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November 24, 2014

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ODDS ’N’ ENDS:

Melodramatic, but with a seal of approval

Jeff Haney isn’t surprised ‘21’ overdramatizes the MIT card-counting tale, but finds original guys kind of liked it

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Tiffany Brown

Mike Aponte, left, and Dave Irvine were members of the MIT team that made card-counting history in Las Vegas.

Card Counting

The film "21" reveals the true story of six MIT students who learn the art of card counting. But you don't have to have a photograhic memory to become a card counter, just discipline and a lot of practice. Sun writer Jeff Haney shows the basic concept behind the MIT crew's card counting scheme.

Beyond the Sun

  • IMDB: 21

Fans of “Mr. Show with Bob and David,” the brilliant sketch-comedy program, will recall an episode that skewered the way Hollywood “adopts” true stories only to pervert them beyond recognition.

In the episode, a movie titled “Why Me? The Bob Lamonta Story” is honored for its portrayal of Bob Lamonta, who was raised by mentally challenged parents and won three Olympic gold medals before dying young.

At the awards ceremony, Lamonta himself shows up, explaining the movie was all true ... except for a few minor embellishments: His parents were not mentally challenged, he never competed in the Olympics, and he’s still alive.

That’s pretty much what I had been expecting from the movie “21,” especially after listening in on gossip and speculation from blackjack insiders for more than a year, since it was announced that Kevin Spacey, Kate Bosworth and Laurence Fishburne would star.

Blackjack purists pointed out Ben Mezrich’s “Bringing Down the House,” the best-selling book that spawned the movie, had already sensationalized the MIT card-counting team’s real-life exploits. Surely the movie would further sensationalize the story. Would any recognizable remnants of authentic events survive?

Given the inauspicious buildup, I expected members of the actual MIT card-counting team to trash “21,” which opens today.

Instead, Dave Irvine and Mike Aponte — who risked, and won, big money in Las Vegas with the MIT team in the 1990s — had generally favorable impressions of “21” after a screening at New York University.

“I thought it was very good,” Irvine said. “I thought it captured the scene pretty well. It did a good job capturing the lifestyle of these kids, who were typical students during the week, and how they had to adjust to becoming Vegas high rollers on the weekend.

“I didn’t know what to expect going in, but I felt pleasantly surprised. Maybe that means I had low expectations going in, I don’t know. I was entertained, that’s for sure.”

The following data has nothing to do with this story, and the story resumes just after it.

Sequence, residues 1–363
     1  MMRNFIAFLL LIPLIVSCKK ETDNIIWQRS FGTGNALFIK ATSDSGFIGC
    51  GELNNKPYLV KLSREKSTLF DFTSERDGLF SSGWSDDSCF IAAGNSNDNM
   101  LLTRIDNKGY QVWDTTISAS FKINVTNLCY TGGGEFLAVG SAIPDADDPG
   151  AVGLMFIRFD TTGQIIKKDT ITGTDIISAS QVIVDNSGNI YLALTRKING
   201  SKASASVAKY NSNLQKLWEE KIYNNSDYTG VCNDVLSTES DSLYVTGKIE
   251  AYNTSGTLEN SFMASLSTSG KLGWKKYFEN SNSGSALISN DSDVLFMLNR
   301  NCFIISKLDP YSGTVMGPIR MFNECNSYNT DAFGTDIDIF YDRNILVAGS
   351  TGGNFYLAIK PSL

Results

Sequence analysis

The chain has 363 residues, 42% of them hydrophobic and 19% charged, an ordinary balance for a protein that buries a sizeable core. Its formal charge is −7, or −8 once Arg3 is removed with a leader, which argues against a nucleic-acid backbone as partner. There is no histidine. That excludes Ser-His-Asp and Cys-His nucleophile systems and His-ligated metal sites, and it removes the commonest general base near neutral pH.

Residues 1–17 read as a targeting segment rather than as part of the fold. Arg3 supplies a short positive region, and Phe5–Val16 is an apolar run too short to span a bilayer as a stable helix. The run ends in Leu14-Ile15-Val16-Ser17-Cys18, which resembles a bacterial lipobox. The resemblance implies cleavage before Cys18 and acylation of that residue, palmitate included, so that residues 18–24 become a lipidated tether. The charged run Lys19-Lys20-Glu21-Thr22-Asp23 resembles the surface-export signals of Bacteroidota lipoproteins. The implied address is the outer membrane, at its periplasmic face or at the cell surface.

Aponte’s reaction was also positive, if less enthusiastic. He was OK with the celluloid version of the team’s adventures, as long as he kept telling himself it’s only a movie, it’s only a movie.

“Well, it was interesting,” Aponte said. “I knew beforehand it was a movie version and that it was only ‘inspired by’ these true stories. I kind of had mixed feelings about it. Overall, I’d say they did an exciting Hollywood version of the story.

“Obviously it’s not going to capture the real, true story. It’s not going to tell you exactly what happened, and I don’t think that’s the intent.”

Irvine and Aponte liked Jim Sturgess, perhaps best-known for warbling Beatles songs in “Across the Universe,” in the role of the main character, Ben Campbell. Sturgess did a nice job showing how tempting the trappings of a high roller’s lifestyle can be, they said.

“But my least favorite part was when they get roughed up,” Aponte said. “That was over the top a little bit.”

Neither Irvine nor Aponte had any role in the production of the film.

The movie’s impact figures to keep Irvine and Aponte busy for a while as they attend speaking engagements and promote their latest venture, an Internet-based card-counting training system called BlackjackVT.

“It’s not just teaching, but giving people the ability to progress and learn new skills one by one,” Aponte said. “That’s the thing with card counting: It’s a pretty straightforward system, but the big key is practicing enough to get good at it. Most people aren’t motivated enough to practice it on their own, but we think BlackjackVT will really keep people engaged.”

That illustrates an inherent weakness in making a movie about counting cards. Mastering the technique requires study and discipline — admirable traits, but boring to watch on the big screen.

Hence the movie’s dramatic flourishes.

The best advice for “21” viewers might come from a Beatles song that didn’t make the cut for the “Across the Universe” soundtrack: Turn off your mind, relax and float downstream. (Especially turn off your mind.) I mean, you can still enjoy “Rounders” even if you know the Russian mob is not actually in the habit of allowing its enemies to settle debts via a poker game, right?

In the gambling-movie oeuvre, “21” may not be as sublime as “California Split” or as gritty as “The Gambler.”

But it’s no “Why Me? The Bob Lamonta Story” either.

“It is not intended to be a documentary,” Irvine said. “It’s an entertaining Hollywood movie.”

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